Cleveland Heights Residents Come Together to Rebuild Community Garden Damaged by Vandals


  • Photo by Hannah Lebovits
Was it anti-immigrant sentiment or simple vandalism and theft? Regardless of the motive behind the destruction of the local community garden, Cleveland Heights residents are united in their efforts to rebuild.

Cleveland Heights is home to several immigrant communities. Among these is a significant Nepalese community in the Noble neighborhood. Two years ago, Stephen Walker, a long-time resident who has been involved in a number of community development efforts, met some of the local Nepali children during his work with the school district. Walker told Scene that the kids expressed a desire to be more involved with the community. “They kinda said, ‘Well you know we like Cleveland Heights but we don’t really feel included,’ or at least there’s no inclusion for them, not as much as there should be.” Together with his friend Jay-Rod Johnson, Walker turned an empty lot of Delmore Road into a community garden to express the unity between the communities in the area.

Walker said they chose to express this sentiment through the creation of a garden because his conversations with parents revealed than many were natural farmers. After almost two years, the construction of the garden began in June 2019 and was aided entirely through volunteer efforts, including students from the local high school and middle schools. However, just a few weeks after the garden was created, Johnson came to check on it and found it vandalized. He called Walker, who was on vacation at the time, and the two sprung into action, immediately.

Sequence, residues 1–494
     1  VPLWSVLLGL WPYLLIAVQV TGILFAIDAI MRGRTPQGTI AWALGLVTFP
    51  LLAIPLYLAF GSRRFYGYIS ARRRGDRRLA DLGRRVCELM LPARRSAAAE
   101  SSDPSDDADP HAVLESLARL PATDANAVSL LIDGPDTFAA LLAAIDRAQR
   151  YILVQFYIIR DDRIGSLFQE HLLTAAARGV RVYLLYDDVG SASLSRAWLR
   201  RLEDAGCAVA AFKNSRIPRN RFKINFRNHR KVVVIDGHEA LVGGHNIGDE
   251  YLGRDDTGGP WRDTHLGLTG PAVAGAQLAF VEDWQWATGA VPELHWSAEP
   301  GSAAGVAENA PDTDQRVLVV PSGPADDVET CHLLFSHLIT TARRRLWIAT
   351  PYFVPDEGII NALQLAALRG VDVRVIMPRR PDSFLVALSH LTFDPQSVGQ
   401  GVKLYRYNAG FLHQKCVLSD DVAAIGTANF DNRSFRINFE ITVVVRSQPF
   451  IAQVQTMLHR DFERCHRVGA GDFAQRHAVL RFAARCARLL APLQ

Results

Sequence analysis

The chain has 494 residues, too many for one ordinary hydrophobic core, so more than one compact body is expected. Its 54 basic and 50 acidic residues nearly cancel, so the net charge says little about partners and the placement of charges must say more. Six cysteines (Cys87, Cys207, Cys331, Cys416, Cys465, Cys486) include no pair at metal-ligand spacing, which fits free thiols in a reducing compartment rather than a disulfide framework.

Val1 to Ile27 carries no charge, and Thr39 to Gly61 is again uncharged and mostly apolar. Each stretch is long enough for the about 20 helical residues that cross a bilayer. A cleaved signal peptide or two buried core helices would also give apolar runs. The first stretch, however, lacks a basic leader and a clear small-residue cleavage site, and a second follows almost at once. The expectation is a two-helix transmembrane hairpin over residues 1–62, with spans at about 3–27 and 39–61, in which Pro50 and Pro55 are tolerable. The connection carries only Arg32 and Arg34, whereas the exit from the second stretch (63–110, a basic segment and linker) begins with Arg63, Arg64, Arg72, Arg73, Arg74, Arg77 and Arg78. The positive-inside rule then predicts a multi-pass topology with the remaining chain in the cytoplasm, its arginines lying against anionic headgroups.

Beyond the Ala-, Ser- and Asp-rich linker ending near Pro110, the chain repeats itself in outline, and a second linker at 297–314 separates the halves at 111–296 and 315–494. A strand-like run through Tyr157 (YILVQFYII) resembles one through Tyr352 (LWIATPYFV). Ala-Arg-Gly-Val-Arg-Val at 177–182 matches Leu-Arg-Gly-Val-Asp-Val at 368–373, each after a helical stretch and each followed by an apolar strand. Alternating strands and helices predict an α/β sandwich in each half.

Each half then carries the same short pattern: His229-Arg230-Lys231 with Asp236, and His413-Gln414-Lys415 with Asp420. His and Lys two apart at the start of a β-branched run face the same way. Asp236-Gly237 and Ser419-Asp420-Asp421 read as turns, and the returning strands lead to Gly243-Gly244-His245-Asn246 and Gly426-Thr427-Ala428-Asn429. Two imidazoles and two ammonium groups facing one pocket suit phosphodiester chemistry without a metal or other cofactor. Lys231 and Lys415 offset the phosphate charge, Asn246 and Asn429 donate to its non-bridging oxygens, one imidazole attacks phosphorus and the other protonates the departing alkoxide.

On Thursday afternoon, just a few days after news of the vandalism broke, more than two dozen residents met at the garden to begin the replanting process. Walker, Johnson and State Representative Janine Boyd spoke at the event. “We’re always inspired by community, because that’s what Cleveland Heights is,” Rep. Boyd noted. “To me, this is what we do. Whether we are citizens collecting signatures to put something on the ballot to improve government...or we are marching together for everything that we value....this is what we do.”

For Johnson, this experience has been a welcoming one- despite the tragic destruction of the garden. “I’m newer to the city of Cleveland Heights,” Johnson told the group, “and so this has kinda actually renewed my sense of community. I can say that I feel welcome, which is what we hope for the Nepalese families.” Johnson and Walker agreed that the turnout exceeded their expectations. Whether it’s relationships or garden beds, the community is clearly excited to continue their building efforts.

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